Adhesion, invasion and evasion: the many functions of the surface proteins of Staphylococcus aureus

Nat Rev Microbiol. 2014 Jan;12(1):49-62. doi: 10.1038/nrmicro3161.


Staphylococcus aureus is an important opportunistic pathogen and persistently colonizes about 20% of the human population. Its surface is 'decorated' with proteins that are covalently anchored to the cell wall peptidoglycan. Structural and functional analysis has identified four distinct classes of surface proteins, of which microbial surface component recognizing adhesive matrix molecules (MSCRAMMs) are the largest class. These surface proteins have numerous functions, including adhesion to and invasion of host cells and tissues, evasion of immune responses and biofilm formation. Thus, cell wall-anchored proteins are essential virulence factors for the survival of S. aureus in the commensal state and during invasive infections, and targeting them with vaccines could combat S. aureus infections.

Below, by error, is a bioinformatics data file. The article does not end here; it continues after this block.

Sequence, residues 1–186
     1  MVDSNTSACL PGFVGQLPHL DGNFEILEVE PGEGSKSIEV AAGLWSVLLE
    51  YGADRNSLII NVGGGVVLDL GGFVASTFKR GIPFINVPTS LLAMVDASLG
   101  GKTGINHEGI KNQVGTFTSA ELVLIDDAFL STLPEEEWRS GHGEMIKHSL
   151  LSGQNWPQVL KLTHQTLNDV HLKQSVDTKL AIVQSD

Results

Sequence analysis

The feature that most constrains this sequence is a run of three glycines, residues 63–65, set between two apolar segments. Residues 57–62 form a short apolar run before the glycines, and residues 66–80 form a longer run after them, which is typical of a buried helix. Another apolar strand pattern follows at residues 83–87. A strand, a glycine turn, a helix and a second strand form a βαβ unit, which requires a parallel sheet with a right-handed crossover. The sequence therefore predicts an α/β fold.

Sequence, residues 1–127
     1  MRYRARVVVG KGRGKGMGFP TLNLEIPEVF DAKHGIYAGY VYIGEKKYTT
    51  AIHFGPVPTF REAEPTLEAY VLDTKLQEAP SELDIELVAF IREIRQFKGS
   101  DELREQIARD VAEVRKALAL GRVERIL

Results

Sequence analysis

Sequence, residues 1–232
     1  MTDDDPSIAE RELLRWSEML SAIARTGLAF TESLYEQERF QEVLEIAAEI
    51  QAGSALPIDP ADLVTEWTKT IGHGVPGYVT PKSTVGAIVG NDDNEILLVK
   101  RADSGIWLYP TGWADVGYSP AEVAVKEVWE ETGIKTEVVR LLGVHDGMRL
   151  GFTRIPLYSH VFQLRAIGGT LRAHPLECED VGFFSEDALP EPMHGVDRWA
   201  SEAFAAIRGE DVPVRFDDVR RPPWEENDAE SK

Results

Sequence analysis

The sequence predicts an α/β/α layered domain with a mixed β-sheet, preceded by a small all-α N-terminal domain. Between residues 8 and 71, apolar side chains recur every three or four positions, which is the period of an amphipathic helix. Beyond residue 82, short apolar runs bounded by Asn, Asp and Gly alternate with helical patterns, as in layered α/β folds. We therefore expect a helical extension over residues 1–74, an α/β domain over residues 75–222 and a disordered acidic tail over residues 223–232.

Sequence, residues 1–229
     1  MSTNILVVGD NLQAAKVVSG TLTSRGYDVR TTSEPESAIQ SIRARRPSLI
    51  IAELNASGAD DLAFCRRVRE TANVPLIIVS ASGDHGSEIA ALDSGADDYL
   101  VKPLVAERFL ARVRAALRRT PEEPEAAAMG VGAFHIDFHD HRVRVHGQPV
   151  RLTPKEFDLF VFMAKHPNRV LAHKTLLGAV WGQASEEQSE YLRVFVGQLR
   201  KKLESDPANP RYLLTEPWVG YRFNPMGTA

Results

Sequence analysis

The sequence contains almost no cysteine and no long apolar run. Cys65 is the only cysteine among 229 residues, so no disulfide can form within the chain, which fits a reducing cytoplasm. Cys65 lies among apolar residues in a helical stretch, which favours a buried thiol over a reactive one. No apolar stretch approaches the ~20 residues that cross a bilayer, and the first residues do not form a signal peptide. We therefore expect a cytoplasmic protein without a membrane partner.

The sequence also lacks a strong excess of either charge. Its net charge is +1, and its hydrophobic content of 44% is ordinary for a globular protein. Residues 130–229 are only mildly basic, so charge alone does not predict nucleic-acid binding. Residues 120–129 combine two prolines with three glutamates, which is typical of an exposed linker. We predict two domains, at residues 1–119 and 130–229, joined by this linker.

Publication types

  • Research Support, N.I.H., Extramural
  • Research Support, Non-U.S. Gov't
  • Review

MeSH terms

  • Animals
  • Bacterial Adhesion / physiology*
  • Bacterial Proteins / chemistry
  • Bacterial Proteins / physiology*
  • Cell Wall / chemistry
  • Disease Models, Animal
  • Host-Pathogen Interactions
  • Humans
  • Membrane Proteins / chemistry
  • Membrane Proteins / physiology*
  • Peptidoglycan / chemistry
  • Protein Binding
  • Protein Conformation
  • Staphylococcus aureus / physiology*
  • Virulence Factors / physiology


  • Bacterial Proteins
  • Membrane Proteins
  • Peptidoglycan
  • Virulence Factors